“I started off as an officer in a multinational commercial Bank and rose through the ranks to become Treasurer of an investment bank,” she tells P&Q. “I also passed three levels on the CFA professional exams on first attempt within 18 months, which demonstrates my commitment to successful outcomes. My role as a TV Co-anchor showed a different and interesting side to me and my volunteering activities, as society leader at CFA Society Nigeria and other social impact organizations demonstrated my sense of purpose.
DON’T HAVE ALL THE ANSWERS? YOUR CLASSMATES DON’T EITHER
That purpose, she says, is to boost sustainable development in Africa. Considering Busari’s television roots, it is hardly surprising that she dominated an end of course presentation at Ivey that tested “public speaking, eloquence, and executive presence.” Along with leveraging their strengths, the Class of 2022 is learning to step back, listen, and learn from peers in different. That has been the case for Connor Batchelor, an avid squash player and project manager for a cannabis firm. Starting school, he worried that his science background would prohibit him from bringing value to classroom discussions. Turns out, it was just the opposite.
“I think an important lesson and accomplishment as an MBA student has been acknowledging that my strengths come from my diversity of experiences and that I am not expected to know everything,” he admits. “I have become more comfortable with not having all the answers and learning the importance of asking the right questions and collaborating with others to get to the solution. The ability to recognize that you will not be good at everything and to focus on what you are good at has been an important lesson for me, especially as someone who is a bit of a perfectionist and likes having all of the answers.”
Business school is also a place to experiment, take risks, and pursue a mission. That’s exactly what Shamsa Hidayat has been working in Equity, Diversity, and Inclusion (EDI). For one, she launched the school’s first BIPOC Club to spark conversations and reduce biases. At the same time, she designed a framework that enabled EDI clubs “to leverage resources, avoid duplicative work, and enhance impact.” At the same time, Jessie Gill, a legal counsel before business school, has stepped into the spotlight as an executive director in Ivey’s LEADER Project.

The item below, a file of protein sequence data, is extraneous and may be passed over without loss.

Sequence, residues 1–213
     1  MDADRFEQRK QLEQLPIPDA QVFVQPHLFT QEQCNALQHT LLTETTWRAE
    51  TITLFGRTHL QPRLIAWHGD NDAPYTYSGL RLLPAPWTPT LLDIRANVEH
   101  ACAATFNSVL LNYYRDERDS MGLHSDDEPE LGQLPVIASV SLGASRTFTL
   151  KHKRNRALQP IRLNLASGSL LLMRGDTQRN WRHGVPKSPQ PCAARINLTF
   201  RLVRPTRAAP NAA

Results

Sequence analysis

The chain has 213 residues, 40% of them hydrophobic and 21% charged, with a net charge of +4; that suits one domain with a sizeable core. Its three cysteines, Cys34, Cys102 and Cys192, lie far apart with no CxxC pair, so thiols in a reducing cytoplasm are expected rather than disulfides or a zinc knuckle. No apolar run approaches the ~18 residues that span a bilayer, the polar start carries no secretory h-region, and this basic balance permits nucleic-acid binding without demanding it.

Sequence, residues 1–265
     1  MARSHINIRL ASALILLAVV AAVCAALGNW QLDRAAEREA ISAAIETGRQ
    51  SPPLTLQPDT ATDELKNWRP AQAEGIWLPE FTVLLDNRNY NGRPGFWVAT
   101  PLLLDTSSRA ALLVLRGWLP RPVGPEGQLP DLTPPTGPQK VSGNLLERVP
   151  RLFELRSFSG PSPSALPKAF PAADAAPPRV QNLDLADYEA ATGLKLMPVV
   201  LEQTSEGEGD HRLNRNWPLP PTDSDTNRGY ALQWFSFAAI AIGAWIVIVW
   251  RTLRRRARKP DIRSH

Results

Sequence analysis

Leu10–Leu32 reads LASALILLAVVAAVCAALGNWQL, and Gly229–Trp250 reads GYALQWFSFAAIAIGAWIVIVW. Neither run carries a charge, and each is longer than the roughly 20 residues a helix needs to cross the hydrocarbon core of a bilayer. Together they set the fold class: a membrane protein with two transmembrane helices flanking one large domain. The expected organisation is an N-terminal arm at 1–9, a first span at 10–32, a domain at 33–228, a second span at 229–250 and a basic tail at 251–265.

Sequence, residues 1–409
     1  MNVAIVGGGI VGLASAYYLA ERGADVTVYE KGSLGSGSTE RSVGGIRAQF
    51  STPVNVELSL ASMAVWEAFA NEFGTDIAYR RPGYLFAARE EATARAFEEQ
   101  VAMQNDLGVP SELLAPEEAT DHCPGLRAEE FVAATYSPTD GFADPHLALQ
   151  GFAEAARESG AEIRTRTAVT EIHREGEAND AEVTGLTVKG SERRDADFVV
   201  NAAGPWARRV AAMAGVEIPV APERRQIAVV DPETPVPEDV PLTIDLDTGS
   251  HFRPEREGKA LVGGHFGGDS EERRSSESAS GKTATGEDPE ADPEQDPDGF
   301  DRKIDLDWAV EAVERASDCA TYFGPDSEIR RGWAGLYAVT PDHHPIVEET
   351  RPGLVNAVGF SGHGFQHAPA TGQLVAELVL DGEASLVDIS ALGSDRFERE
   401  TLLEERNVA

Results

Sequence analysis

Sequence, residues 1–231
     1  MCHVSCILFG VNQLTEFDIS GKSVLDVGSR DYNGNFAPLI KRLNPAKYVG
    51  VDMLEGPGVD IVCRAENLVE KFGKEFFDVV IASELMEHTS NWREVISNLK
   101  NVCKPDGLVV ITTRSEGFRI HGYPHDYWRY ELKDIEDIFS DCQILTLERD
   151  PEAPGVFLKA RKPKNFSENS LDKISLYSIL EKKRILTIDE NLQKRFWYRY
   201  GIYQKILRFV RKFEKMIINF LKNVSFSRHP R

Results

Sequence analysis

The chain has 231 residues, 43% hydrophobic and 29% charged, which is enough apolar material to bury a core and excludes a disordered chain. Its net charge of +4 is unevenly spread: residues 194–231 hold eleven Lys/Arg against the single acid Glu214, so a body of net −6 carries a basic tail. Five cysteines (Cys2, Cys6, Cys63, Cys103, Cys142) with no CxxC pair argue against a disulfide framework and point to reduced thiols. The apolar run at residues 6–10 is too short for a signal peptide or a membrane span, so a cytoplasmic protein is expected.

“[It] aims to teach entrepreneurs in emerging economies foundational business principles using Ivey’s case method approach. The interview process for the LEADER Project was rigorous and was the first time I presented a solution to a case prompt.”
“COMMUNITY WTH A SOCIAL CONSCIENCE”
After four months together, what do class members have to say about their peers as a whole? Noreen Rachel Wu, previously the principal CEO of a Vancouver-based architectural consulting firm, describes her classmates as “selfless givers.” “There are an overwhelming number of classmates who will stay up until the wee hours of the night to help those who may be struggling with unfamiliar material,” she observes. “They always have time for you. Their doors are always open – literally.”
Mathieu Ruffe, a digital transformation specialist from Paris, is equally bullish on the class’ supportive mindset. “One great example is how some classmates very early in the program volunteered their time to provide extra sessions on specific topics such as accounting, finance, and analytics. Others sent care packages to newcomers to make them feel more at home in Canada. There is healthy competition within the program. We challenge each other to aim for higher goals while being present for each other at the same time.”
Next Page: An interview with Ivey MBA Faculty Director Larry Menor
Page 3: In-depth Profiles of the Class of 2022